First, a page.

The current housing market is considered a seller’s market as prices are high and there are surprisingly few homes for sale. If you are thinking about making an offer on an available home, do not float out an official bid until you have performed your due diligence. Asking questions is a major component of due diligence. Without further adieu, let’s take a look at five questions buyers should pose in a seller’s market.
Question #1: Which Contingencies, if any, are Absolutely Necessary?
Your purchase offer might be rejected if it has too many contingencies. Though it is perfectly acceptable to include common contingencies in a home offer, an excess of contingencies reduces the chances of acceptance. There is plenty of competition for available homes in this seller’s market so do not overload your offer with a litany of contingencies. If you have a contingency for the sale and transfer of title, your bid might not be accepted.
The bottom line is there will likely be one or several buyers looking for the home you have your sights set on who do not have to sell a home in order to buy another. Furthermore, it might even be a mistake to include a home inspection contingency. Though it makes sense to perform a home inspection, waiving this contingency makes it that much more likely that the seller will accept the offer.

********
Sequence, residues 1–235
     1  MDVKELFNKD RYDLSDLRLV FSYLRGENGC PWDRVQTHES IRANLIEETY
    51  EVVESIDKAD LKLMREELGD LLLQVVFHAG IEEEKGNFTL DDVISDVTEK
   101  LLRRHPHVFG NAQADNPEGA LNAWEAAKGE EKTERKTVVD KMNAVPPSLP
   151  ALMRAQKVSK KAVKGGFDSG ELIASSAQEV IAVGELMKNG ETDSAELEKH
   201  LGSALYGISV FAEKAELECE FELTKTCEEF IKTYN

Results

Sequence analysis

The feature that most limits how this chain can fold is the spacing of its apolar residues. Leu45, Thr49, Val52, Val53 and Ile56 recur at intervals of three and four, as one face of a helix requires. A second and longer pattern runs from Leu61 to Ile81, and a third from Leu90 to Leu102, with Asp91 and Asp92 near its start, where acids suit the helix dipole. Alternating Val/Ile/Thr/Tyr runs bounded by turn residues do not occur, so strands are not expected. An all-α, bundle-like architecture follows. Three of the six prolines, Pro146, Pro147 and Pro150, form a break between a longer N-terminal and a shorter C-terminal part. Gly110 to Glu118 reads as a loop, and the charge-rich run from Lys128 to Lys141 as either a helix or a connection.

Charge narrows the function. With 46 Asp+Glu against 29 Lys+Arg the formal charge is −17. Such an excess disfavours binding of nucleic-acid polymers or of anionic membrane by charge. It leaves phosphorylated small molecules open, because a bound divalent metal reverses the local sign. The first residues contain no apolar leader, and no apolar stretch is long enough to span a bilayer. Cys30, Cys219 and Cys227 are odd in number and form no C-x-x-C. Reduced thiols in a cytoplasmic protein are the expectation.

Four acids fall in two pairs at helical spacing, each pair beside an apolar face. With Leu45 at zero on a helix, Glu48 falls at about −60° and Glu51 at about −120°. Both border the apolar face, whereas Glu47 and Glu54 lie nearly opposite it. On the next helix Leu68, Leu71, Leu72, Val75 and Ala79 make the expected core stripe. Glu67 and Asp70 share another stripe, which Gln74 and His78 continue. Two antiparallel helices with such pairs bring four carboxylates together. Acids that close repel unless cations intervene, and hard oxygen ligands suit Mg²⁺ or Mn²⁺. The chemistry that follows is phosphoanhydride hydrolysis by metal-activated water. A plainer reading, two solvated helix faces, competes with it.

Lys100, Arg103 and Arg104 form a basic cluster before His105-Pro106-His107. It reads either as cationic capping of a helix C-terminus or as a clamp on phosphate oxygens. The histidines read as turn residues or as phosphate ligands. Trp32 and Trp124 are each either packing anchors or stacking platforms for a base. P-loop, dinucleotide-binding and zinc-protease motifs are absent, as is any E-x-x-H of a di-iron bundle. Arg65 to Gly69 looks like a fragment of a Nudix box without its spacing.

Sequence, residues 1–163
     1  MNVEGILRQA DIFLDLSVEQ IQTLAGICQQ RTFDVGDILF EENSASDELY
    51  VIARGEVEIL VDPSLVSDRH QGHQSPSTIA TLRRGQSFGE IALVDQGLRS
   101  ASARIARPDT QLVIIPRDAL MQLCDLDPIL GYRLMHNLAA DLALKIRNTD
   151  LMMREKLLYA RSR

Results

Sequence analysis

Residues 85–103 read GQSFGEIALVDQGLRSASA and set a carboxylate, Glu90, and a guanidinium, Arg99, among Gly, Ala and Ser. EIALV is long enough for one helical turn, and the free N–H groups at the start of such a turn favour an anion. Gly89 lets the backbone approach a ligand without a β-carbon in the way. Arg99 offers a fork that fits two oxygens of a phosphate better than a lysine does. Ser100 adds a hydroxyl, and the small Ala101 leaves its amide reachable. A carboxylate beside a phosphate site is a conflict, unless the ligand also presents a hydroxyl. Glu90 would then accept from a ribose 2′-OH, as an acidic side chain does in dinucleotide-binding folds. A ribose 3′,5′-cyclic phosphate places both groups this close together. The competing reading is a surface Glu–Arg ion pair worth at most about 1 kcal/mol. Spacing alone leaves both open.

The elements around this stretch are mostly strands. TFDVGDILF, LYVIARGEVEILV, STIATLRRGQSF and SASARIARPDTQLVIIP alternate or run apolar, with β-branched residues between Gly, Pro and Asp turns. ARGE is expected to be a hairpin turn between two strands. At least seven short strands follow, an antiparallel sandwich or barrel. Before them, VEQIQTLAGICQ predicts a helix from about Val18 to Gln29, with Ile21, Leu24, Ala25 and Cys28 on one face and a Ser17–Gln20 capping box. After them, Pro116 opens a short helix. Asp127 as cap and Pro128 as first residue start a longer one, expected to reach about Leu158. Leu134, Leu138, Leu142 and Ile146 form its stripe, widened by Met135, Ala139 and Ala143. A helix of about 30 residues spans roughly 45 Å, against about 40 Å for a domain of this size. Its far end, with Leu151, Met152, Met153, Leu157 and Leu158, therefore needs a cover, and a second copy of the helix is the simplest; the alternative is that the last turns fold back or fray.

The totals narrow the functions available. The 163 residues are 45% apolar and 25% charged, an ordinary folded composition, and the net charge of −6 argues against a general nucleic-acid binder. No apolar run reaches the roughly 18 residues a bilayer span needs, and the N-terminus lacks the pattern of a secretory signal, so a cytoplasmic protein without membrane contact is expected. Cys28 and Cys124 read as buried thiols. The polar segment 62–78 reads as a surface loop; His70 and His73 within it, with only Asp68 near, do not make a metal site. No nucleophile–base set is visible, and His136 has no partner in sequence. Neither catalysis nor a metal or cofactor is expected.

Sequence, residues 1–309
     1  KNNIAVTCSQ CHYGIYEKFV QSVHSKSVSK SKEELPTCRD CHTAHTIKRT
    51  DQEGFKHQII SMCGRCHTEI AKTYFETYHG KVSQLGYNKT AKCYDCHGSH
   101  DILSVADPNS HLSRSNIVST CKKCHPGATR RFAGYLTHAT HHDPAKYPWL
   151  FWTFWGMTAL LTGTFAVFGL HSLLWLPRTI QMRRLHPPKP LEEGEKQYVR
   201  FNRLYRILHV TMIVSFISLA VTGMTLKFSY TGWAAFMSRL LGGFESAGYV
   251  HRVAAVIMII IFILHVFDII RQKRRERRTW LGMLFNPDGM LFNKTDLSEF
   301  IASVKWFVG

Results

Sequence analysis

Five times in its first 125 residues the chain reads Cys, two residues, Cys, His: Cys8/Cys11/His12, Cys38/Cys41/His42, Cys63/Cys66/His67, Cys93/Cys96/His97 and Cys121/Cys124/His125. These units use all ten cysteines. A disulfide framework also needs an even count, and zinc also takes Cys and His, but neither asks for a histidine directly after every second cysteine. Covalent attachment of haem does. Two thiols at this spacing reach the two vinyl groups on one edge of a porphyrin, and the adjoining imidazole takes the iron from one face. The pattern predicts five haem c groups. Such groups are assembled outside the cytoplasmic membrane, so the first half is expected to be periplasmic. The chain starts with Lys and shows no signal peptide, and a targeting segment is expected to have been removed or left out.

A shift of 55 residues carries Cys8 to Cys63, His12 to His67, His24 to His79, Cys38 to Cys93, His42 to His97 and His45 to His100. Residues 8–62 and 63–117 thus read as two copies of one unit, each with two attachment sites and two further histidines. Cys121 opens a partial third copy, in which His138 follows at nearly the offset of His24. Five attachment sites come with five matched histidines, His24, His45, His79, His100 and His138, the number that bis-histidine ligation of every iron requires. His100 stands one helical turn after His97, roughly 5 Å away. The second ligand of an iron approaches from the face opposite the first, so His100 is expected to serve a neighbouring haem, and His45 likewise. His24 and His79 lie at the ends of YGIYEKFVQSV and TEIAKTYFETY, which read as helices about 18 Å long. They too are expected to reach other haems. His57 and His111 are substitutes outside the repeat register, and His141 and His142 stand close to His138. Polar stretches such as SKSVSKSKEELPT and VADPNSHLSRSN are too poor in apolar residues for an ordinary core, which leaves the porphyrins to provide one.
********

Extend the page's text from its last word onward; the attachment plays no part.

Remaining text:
Question #2: Will the Details of the Offer Remain Confidential?
If other bidders can see the details of your offer, landing the home you are targeting will prove that much more difficult. However, if the seller is willing to sign a confidentiality agreement, you can conceal the details of your offer from other interested parties. Such a confidentiality agreement also extends to the seller’s agent to boot. If the home seller decides it is best to have a group presentation of offers, you will be forced to either withdraw your offer or scrap the confidentiality agreement.
Question #3: What if There are Multiple Offers?
You might not know if there are several offers for the available property. However, the seller might notify you that several parties are interested or that several parties have already floated out offers. However, the seller must provide the agent with permission to reveal the other offers before the information can be shared with the buyer and/or his or her representative.
Question #4: If Our Offer is the Highest Will We Automatically win the Bidding War?
The highest offer does not always land the home yet it dramatically increases the chances of winning the bidding war when all is said and done. The home seller ultimately determines which offer is the best. It is possible another factor such as closing certainty or closing date flexibility will tip the scales in a certain bidder’s favor even though his or her bid might not be the highest.
Question #5: How can We Enhance Our Offer?
If you can make an all-cash offer, there is a much better chance of winning the bidding war. Furthermore, flexibility in terms of timing regarding the move-in date will also help. The elimination of contingencies, a willingness to cover closing costs and boosting the earnest money deposit will also improve your offer.